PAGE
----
This block is activated when the scan for devices finds a device. The set ListPicker1.ElementsFromString block reads in the device list and creates a menu. The text of the menu button is changed from “No Device” (what we set it to start with) to “Choose Device”.


AfterPickingBlockHM10.JPGThe AfterPicking Block runs when a device is chosen from the ListPicker1 menu. The first part of this block sets a global variable called device to just the first part of the selected device. It does this because the devices in the Listpicker1 have both device name and address. However when we use ConnectWithAddress it only wants the address in the argument. To separate these we split the selected device at the first space (which is between the address and the device name). Then we take just the first part (index of 1) and set that equal to the global variable device. For this to work we must also have created a global variable called device. To do this go to the Variables element in the Blocks toolbar. Grab the initialize global and create device. Then go to the Text element and grab a blank text box to initialize device to. It's recommended that you put all the variables you create in one spot on your Viewer. By the end of the code you will have a lot of variables.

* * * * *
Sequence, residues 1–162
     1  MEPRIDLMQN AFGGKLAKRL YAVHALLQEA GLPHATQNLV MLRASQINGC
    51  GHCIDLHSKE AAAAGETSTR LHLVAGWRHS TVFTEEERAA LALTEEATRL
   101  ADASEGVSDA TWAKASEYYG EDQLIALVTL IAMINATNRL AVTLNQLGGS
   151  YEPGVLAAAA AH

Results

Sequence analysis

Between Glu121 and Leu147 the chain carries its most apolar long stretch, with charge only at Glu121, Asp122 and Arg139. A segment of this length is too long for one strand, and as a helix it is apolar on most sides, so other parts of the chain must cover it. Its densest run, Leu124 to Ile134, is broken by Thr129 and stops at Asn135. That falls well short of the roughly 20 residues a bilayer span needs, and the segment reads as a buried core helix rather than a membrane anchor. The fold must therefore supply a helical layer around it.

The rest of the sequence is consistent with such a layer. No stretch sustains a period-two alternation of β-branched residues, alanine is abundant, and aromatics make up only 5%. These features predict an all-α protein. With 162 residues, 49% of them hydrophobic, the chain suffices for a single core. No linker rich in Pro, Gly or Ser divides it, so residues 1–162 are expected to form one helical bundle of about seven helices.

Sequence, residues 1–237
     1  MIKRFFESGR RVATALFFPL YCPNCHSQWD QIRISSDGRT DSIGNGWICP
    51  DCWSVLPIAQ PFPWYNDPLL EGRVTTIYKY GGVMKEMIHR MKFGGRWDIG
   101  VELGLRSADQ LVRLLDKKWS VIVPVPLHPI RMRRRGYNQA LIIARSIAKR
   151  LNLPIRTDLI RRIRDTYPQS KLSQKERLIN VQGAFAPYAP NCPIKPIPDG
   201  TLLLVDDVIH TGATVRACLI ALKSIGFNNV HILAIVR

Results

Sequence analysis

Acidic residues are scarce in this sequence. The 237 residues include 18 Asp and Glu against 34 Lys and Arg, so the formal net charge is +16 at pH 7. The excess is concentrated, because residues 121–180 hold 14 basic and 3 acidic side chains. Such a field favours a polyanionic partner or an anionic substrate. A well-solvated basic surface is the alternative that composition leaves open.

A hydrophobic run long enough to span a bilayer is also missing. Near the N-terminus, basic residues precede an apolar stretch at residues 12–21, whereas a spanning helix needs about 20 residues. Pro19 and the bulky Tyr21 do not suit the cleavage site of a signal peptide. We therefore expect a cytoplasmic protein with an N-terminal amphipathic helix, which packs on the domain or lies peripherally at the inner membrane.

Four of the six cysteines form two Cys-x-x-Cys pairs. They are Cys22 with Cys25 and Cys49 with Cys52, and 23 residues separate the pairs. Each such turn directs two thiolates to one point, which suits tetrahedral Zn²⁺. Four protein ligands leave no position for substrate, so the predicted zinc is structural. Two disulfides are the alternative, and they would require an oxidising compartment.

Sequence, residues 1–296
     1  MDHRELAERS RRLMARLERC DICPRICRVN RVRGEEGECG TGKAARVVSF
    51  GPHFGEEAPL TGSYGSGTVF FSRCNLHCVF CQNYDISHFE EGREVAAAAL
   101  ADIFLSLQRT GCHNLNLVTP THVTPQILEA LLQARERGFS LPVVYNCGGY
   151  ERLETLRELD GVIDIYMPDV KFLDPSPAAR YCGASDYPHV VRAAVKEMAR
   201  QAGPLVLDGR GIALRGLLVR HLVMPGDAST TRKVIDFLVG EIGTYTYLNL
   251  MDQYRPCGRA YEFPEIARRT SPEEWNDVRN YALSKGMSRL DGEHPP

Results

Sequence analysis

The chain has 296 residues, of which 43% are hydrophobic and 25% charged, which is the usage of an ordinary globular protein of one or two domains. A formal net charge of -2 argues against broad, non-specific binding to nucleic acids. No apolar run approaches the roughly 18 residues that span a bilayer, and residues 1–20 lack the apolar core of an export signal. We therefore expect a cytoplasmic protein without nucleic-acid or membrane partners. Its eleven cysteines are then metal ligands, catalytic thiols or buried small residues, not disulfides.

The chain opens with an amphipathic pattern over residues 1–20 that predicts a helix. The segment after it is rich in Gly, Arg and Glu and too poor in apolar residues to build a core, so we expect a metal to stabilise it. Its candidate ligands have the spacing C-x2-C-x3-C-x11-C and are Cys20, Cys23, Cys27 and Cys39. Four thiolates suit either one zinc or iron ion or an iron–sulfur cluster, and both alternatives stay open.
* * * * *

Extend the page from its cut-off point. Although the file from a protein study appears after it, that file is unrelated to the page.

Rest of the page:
VariablesBlockHM10.JPG
The next section of this block sets the text of the link status to “Trying to connect to <device>” note the join function used, this simply joins two pieces of text together in order. Finally the BluetoothLE1.ConnectwithAddress creates a connection with the HM-10 Module.


ConnectedBlock.JPG